Those of us who helped at the working bee at Rockleigh on the wintry weekend of July 29-30 were well rewarded by seeing the results of all the hard work that had gone before. In particular, the sustained revegetation of the previously cleared cropping land along the road is now a delight. The range of species planted over many years, their recovery from the bushfire, and the appearance of spontaneous seedlings show how worthwhile it has been. Two standouts were eucalypts in full bloom, the pink-flowered blue gum (Eucalyptus leucoxylon ssp.leucoxylon), and the white-flowered pink gum (E. fasciculata). The blue gum drops a carpet of pink blossoms from mature trees along the roadside just to the east of our block, and it is great that it is natural in the area. Such coloured forms are sold in nurseries as E. leucoxylon ‘Rosea’. The pink gum is close to the northern limit of its range at Rockleigh. It is “almost” a South Australian endemic, with a few stands in the Little Desert of western Victoria, just over the border from the South East population. Its name E. fasciculata comes from the bundles (“fascicles”) of terminal flowers so prominent when it is in flower (see photo). The lack on anthers on the outer long stamens is also characteristic of this species.



Figure 2 : Pittosporium ‘invading’  the veldt grass

July 2017

As many of you will know, Bill Matheson, one of our greatly respected shareholders passed away in May. Bill was instrumental in the management of our Rockleigh property and a Director for 14 years. Our thoughts and best wishes go to Doreen and family.


John Smyth recently organized the filling in of the well near the ruin at Webb Gap in the Tothills. The well was collapsing and a potential risk for youngsters in particular. Our thanks to shareholder Greg Schmall and son Jared for carrying out the work.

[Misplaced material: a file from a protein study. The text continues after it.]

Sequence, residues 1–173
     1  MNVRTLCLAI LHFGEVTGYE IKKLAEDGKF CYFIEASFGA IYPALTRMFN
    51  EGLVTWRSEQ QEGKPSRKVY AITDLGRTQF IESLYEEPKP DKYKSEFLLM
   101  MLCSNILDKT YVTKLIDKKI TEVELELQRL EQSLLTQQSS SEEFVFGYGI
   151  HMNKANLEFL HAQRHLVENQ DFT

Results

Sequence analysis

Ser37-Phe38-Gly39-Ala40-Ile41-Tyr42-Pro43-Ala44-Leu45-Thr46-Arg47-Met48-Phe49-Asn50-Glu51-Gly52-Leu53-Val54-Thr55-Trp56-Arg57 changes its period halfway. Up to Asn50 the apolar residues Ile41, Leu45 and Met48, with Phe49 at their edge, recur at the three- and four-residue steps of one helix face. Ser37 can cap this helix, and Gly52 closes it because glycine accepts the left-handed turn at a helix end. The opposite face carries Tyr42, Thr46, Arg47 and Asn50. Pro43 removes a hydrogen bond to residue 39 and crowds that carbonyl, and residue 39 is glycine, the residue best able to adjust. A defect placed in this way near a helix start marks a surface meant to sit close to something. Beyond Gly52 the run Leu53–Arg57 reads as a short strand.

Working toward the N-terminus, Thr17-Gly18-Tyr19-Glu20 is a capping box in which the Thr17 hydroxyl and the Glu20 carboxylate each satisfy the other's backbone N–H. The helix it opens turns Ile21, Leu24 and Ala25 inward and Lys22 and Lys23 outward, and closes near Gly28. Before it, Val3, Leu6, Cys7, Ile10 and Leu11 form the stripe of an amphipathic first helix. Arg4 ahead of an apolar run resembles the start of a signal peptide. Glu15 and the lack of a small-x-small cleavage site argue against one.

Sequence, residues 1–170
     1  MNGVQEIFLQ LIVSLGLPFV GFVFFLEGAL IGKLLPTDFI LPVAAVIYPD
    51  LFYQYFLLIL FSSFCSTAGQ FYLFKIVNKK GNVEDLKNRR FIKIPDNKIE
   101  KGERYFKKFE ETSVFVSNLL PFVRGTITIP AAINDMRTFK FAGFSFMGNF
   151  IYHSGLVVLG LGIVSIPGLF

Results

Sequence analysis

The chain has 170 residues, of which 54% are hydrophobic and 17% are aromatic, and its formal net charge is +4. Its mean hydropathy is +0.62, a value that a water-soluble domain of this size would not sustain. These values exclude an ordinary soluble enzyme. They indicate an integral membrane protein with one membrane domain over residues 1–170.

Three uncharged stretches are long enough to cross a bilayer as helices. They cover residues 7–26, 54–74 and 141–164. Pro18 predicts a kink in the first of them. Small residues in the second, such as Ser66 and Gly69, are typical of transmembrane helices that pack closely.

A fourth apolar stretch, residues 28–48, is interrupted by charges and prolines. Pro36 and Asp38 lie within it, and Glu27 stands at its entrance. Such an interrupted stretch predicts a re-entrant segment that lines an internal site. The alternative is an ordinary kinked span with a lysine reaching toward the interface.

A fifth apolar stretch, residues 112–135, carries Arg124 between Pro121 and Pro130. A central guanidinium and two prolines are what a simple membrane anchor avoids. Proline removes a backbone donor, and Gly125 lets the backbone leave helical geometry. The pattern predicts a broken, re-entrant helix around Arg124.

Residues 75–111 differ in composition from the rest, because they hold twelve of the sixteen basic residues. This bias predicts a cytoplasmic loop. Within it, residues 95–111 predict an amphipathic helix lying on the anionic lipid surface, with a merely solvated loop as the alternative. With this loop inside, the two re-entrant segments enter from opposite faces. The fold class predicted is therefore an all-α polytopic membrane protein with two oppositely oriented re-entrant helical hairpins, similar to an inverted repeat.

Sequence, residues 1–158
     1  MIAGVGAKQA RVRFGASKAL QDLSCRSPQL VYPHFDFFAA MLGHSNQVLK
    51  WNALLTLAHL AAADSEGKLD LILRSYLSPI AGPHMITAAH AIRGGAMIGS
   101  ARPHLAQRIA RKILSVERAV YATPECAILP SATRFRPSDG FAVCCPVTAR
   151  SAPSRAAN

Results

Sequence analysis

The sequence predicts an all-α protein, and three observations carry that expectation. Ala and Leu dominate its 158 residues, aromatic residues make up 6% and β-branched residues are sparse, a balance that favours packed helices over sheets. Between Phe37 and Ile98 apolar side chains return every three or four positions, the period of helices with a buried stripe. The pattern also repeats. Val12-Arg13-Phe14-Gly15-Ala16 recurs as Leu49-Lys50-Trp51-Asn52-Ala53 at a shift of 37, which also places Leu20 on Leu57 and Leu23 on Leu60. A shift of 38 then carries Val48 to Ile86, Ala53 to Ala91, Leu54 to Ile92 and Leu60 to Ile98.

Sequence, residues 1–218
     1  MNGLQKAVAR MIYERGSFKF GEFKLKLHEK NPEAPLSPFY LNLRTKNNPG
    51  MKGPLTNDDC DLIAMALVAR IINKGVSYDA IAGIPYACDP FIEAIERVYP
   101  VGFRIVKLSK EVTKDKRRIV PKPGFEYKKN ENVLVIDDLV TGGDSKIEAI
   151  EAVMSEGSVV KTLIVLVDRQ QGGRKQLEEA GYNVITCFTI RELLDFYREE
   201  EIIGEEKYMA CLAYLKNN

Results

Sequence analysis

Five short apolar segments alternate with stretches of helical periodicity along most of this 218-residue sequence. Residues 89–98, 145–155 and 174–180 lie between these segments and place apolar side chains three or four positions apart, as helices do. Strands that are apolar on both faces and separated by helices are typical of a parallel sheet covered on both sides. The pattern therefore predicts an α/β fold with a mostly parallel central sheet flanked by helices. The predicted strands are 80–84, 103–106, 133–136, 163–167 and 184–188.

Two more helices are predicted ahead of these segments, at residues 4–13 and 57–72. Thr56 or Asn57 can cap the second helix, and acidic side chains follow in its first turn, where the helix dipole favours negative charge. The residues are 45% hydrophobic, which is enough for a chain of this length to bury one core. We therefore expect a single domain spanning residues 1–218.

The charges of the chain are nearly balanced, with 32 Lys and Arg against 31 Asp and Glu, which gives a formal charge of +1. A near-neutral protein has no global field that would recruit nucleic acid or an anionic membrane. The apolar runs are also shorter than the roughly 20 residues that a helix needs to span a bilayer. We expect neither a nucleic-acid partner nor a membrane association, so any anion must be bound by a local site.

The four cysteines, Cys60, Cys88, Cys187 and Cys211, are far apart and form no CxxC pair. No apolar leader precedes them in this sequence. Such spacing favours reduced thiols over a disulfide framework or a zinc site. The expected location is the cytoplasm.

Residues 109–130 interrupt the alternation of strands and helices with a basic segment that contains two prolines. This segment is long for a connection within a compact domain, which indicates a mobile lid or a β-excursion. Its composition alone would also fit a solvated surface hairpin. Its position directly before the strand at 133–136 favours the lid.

A reminder that the AGM this year is to be held in the Tothills on Saturday 7th October. Further information will be supplied in the next newsletter

May Newsletter

Greetings All,

Two down and one to go! Attached is a copy of the updated Tothills Management Plan. Many thanks to all contributors whether in rewriting out of date sections, updating details, proof reading, supplying photos or putting it all together. We all hope you enjoy the finished product. One tricky bit is what to do about printed copies? Can you print a coloured version for yourself or are you like me and have a black and white printer? I would be interested to hear from you whether you would like the Company to print copies for everyone (once all plans are complete) or whether to leave it to individuals to do their own. The Company will need to print copies for the half a dozen members without emails and we will continue to supply new shareholders with a printed copy.

It seems that we will not have a tree planting weekend at Rockleigh this year. For the growers with left overs from last year I would suggest that if you can get your plants to me, Bren Lay, Marg Brown or Tom Reeves that we will ensure they get planted.

John recently hosted a good gathering of the Friends of Private Bushland group on our Tothills property. The weather was great and John conducted a short and interesting walk in the Webb Gap area after giving the group a rundown on the history of our Company. The highlight was the mass of yakkas growing on the rocky ridge above the campsite. Despite having finished flowering they provided a spectacular scene. (See the first photograph in the Management Plan taken a few weeks prior to this outing). Thanks John.


February newsletter


I hope you have all been coping with our new weather system. While it has been excellent for some people regarding crops and hay some I know have had their hands full coping with fly strike on sheep and clearing fallen trees. Rockleigh has had above average rainfall which has possibly helped furnish us with new weeds, certainly helped the veldt grass to a bumper season and hopefully helped our seedlings and established vegetation through the summer. Whether the weather had anything to do with it or not I don’t know but a koala made a brief appearance on the property back on 20th December which adds another species to the mammal list.